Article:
Guess this means the Palins are a Conan-favoring household.
David Letterman, under the watchful eyes of a suddenly and long-deserved surging home audience, offered up his best attempt at an apology last night after a self-proclaimed stupid human trick of his own failed to go down as well as he would have liked—or exactly as he intended—with the governor of Alaska.
Responding to derisive statements issued by Sarah and Todd Palin in response to Monday night's monologue and Top 10 List (the Top 10 Highlights of Sarah Palin's Trip to New York City), Letterman agreed last night that his jokes pertaining to one of the Palin daughters were "questionable," but didn't exactly take them back.
Instead, he clarified and then repeated them, to even more laughter than they earned the first time around.
"Keep in mind, I can't really defend these," he said in his more than eight-minute mea culpa to Palin, whom he deemed "an absolutely lovely woman."
"They're just jokes."
On Tuesday, the Palins issued seemingly out-of-proportion statements blasting Letterman's brand of humor, calling jokes meant to refer to 18-year-old Bristol, but which they mistakenly believed to be about 14-year-old Willow, "disgusting" and "sexually perverted."
"Laughter incited by sexually perverted comments made by a 62-year-old male celebrity aimed at a 14-year-old girl is not only disgusting, but it reminds us some Hollywood/N.Y. entertainers have a long way to go in understanding what the rest of America understands—that acceptance of inappropriate sexual comments about an underage girl, who could be anyone's daughter, contributes to the atrociously high rate of sexual exploitation of minors by older men who use and abuse others," the governor said.
Todd added in the statement that "any jokes about raping my 14-year-old are despicable. Alaskans know it, and I believe the rest of the world knows it, too."
"I completely agree with that," Letterman said of the couple's statement. "Absolutely completely agree with that. That's not what I did.
"These are not jokes made about her 14-year-old daughter. I would never, never make jokes about raping or having sex with a 14-year-old girl," he continued, before injecting a little Letterman what-ho back into his speech.
"Maybe these are questionable because the girl who, excuse me, but is knocked up, is 18 years old."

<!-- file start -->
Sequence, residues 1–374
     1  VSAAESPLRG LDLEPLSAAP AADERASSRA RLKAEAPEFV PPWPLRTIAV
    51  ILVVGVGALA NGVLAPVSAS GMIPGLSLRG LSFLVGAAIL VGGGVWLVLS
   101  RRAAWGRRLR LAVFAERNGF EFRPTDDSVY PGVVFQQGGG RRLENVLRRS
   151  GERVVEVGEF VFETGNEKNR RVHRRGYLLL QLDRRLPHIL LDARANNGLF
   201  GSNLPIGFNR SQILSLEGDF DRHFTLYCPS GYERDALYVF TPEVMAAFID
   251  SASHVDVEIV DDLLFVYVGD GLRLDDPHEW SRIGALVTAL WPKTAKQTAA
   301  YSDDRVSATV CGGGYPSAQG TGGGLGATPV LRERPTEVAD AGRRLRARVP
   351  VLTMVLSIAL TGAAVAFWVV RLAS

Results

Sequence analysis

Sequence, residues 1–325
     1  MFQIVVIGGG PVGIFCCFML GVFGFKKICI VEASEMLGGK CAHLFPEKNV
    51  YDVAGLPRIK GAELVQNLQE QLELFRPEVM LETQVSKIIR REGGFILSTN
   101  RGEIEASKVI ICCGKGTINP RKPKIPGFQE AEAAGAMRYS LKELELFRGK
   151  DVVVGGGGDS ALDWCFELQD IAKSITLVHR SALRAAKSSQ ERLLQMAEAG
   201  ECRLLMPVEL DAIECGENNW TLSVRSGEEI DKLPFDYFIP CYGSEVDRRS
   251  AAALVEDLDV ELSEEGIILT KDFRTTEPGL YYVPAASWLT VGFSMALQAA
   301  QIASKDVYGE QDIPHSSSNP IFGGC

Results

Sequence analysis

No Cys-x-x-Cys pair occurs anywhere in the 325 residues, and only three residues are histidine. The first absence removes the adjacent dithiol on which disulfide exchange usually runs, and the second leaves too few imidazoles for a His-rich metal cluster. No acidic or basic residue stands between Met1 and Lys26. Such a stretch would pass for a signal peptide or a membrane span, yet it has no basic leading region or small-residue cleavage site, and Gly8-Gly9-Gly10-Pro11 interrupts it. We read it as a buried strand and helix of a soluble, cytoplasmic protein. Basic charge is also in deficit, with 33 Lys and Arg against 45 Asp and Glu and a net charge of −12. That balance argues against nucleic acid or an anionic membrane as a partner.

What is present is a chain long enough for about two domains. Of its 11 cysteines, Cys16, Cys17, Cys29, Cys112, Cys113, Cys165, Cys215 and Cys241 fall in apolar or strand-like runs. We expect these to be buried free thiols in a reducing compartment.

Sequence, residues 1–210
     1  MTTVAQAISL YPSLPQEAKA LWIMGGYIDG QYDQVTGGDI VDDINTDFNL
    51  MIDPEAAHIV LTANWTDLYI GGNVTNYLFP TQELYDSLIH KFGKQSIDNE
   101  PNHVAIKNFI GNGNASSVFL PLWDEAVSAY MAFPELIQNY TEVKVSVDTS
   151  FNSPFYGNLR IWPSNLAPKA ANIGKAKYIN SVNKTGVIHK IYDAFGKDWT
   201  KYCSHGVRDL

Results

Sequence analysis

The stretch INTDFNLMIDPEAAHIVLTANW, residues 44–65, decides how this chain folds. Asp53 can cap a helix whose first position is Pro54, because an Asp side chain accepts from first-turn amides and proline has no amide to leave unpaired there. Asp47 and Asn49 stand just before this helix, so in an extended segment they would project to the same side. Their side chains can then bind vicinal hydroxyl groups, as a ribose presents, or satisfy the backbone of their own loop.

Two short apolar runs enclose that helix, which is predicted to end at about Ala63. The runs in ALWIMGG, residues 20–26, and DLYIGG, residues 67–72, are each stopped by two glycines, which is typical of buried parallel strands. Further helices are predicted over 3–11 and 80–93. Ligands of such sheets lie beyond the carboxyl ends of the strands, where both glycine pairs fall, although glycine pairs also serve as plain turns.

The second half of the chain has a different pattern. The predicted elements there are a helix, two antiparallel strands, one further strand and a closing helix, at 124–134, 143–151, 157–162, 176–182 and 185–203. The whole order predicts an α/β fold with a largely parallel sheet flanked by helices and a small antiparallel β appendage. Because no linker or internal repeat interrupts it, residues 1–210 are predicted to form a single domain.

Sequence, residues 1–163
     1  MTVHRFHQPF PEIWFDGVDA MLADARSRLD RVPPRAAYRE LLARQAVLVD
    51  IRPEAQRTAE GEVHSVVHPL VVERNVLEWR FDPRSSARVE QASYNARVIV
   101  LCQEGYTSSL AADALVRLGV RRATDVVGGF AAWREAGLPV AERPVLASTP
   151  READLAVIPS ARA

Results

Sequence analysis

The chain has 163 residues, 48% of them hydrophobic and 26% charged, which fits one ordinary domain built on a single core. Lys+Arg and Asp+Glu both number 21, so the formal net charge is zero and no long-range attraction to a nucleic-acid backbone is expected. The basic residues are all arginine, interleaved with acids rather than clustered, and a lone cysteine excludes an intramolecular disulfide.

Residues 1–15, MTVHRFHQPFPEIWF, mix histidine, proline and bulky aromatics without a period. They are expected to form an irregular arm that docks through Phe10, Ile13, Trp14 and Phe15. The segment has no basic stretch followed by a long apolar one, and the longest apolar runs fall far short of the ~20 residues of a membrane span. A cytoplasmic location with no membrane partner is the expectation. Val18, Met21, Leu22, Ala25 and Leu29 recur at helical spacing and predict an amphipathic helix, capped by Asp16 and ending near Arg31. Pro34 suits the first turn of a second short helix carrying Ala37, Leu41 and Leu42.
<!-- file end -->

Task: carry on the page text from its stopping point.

As for these so-called questionable jokes...Just in case his ever-growing audience didn't catch them Monday night, Letterman—for posterity's sake, we're sure—repeated his controversial comments last night.
"You know, this very well could be my last show," he said, to much laughter, before revisiting the feud-sparking one-liners. "I don't know why we all find that amusing."
Of the Palins' trip to New York, Letterman joked that "the hardest part of the trip was keeping Elliot Spitzer away from her daughter."
"I'm surprised we haven't heard from Elliot Spitzer either," he said. "I'm not necessarily proud of these jokes. It's a joke, that's all it's supposed to be, that's all that is."
As for joke No. 2: "Sarah Palin went to a Yankees game yesterday, there was one awkward moment during the seventh-inning stretch: Her daughter was knocked up by Alex Rodriguez."
"I recognize that these are ugly," Letterman explained. "These are borderline, but again, an act of desperation to get cheap laughs, which is what I've been doing the last 30 years. Why didn't we hear from Alex Rodriguez?"
As for the final nail in the coffin, that Palin "bought makeup at Bloomingdale's to update her slutty flight attendant look," well, Dave's apologies can only stretch so far.
"The only thing I can say about this is I kinda like that joke," he said.
All of his hard work may have been for naught, however, as guest Kathy Griffin did her best to undercut Letterman's sincerity.
When Griffin veered the topic of conversation back to the political lightning rod, she was quick to offer her opinion that Palin, "by the way, is a moron."
"I'm sorry, I'm a woman and I want there to be a female vice president, but I'm not that hard up. And the husband seems like a tool. That's only my opinion and does not reflect..." she said, pointing to an amused Letterman, who wisely opted not to reengage in the topic.
"We don't have a lot more tape and I'm done saying what I needed to say," he said.
(Originally published June 11, 2009, at 8:35 a.m. PT)